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Volunteer Spotlight: How Carmen Cardwell Overcomes and Perseveres

Posted on March 6th, 2020

After suffering from a rare blood condition for six years, Carmen Cardwell was told she was at risk for losing her leg and, possibly, even her life. Hearing that she may only have five years to live in 2014, Carmen decided to use her remaining strength to better her community in any way she could. Surpassing the doctor’s once grim expectations, Carmen is now learning to overcome many health related hurdles while passionately volunteering as an advocate for our community’s neglected and abused children.

From 2008 to 2014, Carmen battled a string of seemingly unrelated health issues, including an unusual blood condition (CMV), a serious skin infection that severely damaged her right leg, and repeated bouts of Bronchitis. It was not until 2015, when she found herself in the hospital at her “crisis point,” that she discovered the underlying cause of her many illnesses, Lupus SLE.

Shortly after receiving her diagnosis and falling ill with a serious case of Mono, Carmen had lost the ability to speak, and was forced to painfully whisper or use hand gestures and marker boards when trying to communicate with others. These often unsuccessful forms of communication left her feeling powerless in terms of personal decision making.

While attempting to communicate with her husband via marker board one afternoon, Carmen saw a commercial for Child Advocates, calling for philanthropic individuals to help provide a voice for children in her community suffering abuse and neglect. In that moment, Carmen knew exactly what she had to do.

It was another year and a half before her health would permit her to apply to be a Court Appointed Special Advocate (CASA) for children. After suffering for 18 months without the ability to speak for herself, Carmen couldn’t bear the thought of children similarly experiencing life without a voice knowing she could do something about it.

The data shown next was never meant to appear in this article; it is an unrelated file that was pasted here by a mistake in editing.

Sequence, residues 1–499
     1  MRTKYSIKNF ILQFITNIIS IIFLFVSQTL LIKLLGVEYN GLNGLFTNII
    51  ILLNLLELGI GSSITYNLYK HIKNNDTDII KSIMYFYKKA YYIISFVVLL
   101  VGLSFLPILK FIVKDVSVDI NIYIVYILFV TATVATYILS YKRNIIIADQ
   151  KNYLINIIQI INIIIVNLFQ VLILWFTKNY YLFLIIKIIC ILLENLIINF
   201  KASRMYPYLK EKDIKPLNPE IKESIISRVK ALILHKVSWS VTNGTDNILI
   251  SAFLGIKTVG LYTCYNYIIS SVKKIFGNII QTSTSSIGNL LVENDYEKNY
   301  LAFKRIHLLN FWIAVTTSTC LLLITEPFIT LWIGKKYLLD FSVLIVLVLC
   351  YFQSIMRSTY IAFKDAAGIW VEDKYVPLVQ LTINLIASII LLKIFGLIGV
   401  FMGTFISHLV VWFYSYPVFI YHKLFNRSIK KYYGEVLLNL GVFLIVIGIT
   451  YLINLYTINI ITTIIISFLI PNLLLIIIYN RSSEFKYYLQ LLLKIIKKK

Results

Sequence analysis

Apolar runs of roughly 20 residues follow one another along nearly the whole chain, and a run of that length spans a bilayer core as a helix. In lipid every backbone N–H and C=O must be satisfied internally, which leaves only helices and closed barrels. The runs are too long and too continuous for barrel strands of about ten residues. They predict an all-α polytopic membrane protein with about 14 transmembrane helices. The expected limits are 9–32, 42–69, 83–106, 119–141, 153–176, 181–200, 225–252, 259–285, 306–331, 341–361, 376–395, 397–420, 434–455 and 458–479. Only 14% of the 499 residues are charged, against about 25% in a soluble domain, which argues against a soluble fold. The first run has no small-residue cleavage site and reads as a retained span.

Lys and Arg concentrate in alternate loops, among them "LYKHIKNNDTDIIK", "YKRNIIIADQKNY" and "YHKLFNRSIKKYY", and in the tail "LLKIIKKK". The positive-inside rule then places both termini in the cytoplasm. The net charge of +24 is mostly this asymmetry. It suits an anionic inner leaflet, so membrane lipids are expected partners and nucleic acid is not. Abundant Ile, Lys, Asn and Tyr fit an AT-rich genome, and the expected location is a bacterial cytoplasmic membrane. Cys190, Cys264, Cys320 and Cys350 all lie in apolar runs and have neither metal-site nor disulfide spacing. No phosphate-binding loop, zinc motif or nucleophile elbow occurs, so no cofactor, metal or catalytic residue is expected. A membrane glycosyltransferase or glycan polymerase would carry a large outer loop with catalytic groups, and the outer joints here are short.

“I thought about all the times I wanted to be heard but decisions were taken out of my hands because I could not speak. I did not have the physical strength to make my wishes known.”

Knowing she would not be able to go back to work at her previous job due to a lack of mobility, yet still possessing the motivation to benefit her community, Carmen quickly came to the realization that she could now dedicate her time to using her newfound voice, advocating for youth in need.

“I couldn’t go back to work full time, but I HAD to do something and the more research I did, the more I knew that I could do this. I could help a child, even if it was only one at a time.”

Despite her concerns about her fragile voice hindering her service, Carmen fully committed herself to her new role as an advocate from the moment she completed her training. This unwavering passion continues to fuel her service to this day.

“There is a need, and sadly I believe there will always be a need. No matter how hard it is, I get up, pull myself together and think about all the children who STILL do not have someone to speak for them… and so I get out there and keep going.”

Carmen describes her service as a learning experience, never claiming to be infallible or to know everything there is to know about the child welfare system right off the bat.

“I make mistakes, I have missed things, but when I do, I learn from it and I try not to make the same mistake again.”

Carmen’s diagnosis of Lupus is a lifelong condition that can sporadically flare up without notice. Rather than allowing her fear of the unknown to impede her service, she focuses on the goal of assisting her community’s children in any way she can. Utilizing her open-mindedness, big heart and friendly disposition, Carmen pushes past any obstacles to advocate for the best interests of the children she has gotten the pleasure to serve.

With the overseeing of her doctor as well as the support of her supervising Guardian Ad Litem, Mary Beth Browne, Carmen has successfully served five children since 2017 and looks forward to serving more.

“Oh I’ll keep volunteering until my doctor tells me I can’t. If I stop, that’s at least one more child without a voice… and that’s one too many for me.”

Using her strength and her ability to so deeply care for the children of her community, Carmen plans to carry on advocating for our community’s most vulnerable children. In doing so, her once soft voice will continue to grow beyond measure, one child at a time.

If you or someone you know possesses a similar passion for giving a voice to the voiceless, please attend a volunteer info session at Child Advocates. Dates and times can be found here.